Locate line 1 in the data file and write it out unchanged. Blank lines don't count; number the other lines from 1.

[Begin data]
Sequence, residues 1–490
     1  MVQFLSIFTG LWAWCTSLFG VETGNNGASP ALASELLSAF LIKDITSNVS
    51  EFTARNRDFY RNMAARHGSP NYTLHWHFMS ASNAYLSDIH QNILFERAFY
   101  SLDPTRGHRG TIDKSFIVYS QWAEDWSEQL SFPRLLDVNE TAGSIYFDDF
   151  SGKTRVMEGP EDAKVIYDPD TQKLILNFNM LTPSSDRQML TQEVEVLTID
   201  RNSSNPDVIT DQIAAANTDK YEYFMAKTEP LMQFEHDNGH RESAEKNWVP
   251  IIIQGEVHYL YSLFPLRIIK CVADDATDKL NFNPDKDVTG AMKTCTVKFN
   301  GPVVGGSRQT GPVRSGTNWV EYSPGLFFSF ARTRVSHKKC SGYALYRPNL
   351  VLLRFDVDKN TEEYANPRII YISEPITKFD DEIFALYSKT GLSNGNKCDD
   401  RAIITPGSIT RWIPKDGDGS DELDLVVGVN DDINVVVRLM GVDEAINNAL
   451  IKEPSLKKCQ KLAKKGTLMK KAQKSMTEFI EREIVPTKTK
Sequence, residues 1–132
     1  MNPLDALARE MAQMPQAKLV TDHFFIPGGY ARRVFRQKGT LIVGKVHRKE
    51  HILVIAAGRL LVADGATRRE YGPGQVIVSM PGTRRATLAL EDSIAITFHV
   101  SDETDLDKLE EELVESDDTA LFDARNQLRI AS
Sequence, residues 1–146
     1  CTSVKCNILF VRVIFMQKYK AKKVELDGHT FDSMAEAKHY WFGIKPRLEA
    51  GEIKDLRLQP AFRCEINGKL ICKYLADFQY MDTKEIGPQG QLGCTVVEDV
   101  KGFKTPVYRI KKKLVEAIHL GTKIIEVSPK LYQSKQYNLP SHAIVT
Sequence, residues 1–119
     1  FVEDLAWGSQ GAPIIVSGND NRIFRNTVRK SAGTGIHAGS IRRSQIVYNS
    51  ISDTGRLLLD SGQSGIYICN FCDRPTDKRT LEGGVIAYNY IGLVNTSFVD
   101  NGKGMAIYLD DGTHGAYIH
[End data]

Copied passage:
Sequence, residues 1–490